In “The Grey,” opening Friday, Liam Neeson fights wolves in snowy Alaska. When it snows in D.C., we fight bad drivers, which is infinitely worse. Still, snow often makes for an excellent setting, as these movies prove.
Yes, most of the 1996 film takes place in Brainerd, Minn., but the snowy, endless expanse that surrounds Marge (Frances McDormand) as she tries to solve a kidnapping gone wrong makes us wonder why anyone would live in North Dakota.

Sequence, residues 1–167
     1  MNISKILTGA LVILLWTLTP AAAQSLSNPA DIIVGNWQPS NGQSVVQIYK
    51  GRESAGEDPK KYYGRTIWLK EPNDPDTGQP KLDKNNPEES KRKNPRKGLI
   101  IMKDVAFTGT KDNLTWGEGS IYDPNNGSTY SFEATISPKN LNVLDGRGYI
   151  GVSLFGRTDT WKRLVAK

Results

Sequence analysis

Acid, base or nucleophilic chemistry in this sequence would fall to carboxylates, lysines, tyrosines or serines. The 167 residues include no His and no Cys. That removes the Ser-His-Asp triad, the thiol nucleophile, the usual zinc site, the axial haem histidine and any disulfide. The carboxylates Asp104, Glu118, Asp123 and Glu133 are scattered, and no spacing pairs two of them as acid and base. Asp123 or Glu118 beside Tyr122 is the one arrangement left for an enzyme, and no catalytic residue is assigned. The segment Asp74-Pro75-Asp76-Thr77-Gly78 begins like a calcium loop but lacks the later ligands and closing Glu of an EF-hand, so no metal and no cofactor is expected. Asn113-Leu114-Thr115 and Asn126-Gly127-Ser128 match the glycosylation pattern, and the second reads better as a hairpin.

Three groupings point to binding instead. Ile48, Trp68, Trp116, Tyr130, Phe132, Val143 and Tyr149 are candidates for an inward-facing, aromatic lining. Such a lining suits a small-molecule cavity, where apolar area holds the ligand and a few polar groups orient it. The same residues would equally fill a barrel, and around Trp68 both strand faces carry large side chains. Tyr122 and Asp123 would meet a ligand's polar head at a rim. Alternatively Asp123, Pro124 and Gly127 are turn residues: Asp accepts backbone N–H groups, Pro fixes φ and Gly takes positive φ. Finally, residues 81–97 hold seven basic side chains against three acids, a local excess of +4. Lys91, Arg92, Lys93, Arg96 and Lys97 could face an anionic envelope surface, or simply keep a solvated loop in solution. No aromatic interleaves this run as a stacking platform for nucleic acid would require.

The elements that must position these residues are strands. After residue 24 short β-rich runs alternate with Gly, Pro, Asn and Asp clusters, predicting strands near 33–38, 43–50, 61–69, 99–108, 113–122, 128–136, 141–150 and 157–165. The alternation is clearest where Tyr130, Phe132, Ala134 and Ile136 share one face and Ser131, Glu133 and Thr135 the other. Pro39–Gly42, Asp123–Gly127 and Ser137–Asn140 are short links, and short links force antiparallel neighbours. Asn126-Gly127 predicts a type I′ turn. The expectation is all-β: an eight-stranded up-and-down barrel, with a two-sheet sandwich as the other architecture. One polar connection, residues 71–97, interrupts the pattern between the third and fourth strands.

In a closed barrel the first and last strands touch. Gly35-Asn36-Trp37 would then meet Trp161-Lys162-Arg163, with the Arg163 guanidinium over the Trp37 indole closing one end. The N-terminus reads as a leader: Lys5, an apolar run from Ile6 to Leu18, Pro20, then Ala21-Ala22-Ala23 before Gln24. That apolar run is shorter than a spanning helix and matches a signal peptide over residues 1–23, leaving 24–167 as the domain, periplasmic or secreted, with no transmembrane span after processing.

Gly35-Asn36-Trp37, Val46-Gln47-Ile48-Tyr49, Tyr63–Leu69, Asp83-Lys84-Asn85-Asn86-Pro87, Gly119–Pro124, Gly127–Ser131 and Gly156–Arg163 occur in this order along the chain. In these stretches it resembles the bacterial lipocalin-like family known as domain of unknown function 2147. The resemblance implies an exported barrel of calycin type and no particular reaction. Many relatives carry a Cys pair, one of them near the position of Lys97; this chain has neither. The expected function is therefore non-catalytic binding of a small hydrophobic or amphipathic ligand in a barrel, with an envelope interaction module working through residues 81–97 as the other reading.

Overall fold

Why do we storm the stores looking for bread and milk when the flakes start to fall? Because Jack Nicholson proved in 1980 that being stuck with only liquor makes Jack a dull, homicidal boy.
Nobody saw this 1999 hockey movie, which is too bad, because it’s pretty good. In it, the townsfolk skate on the sidewalks during winter, which we think is a sign they’ve been in the cold too long.
This 1965 classic shows that Russia is a cold, cold place to be in love. Also, the weather sucks.
The Ice Storm
What makes horrible weather better? Key parties! This 1997 film — set in 1973 — follows relationships that are just as cold inside as the weather is outside.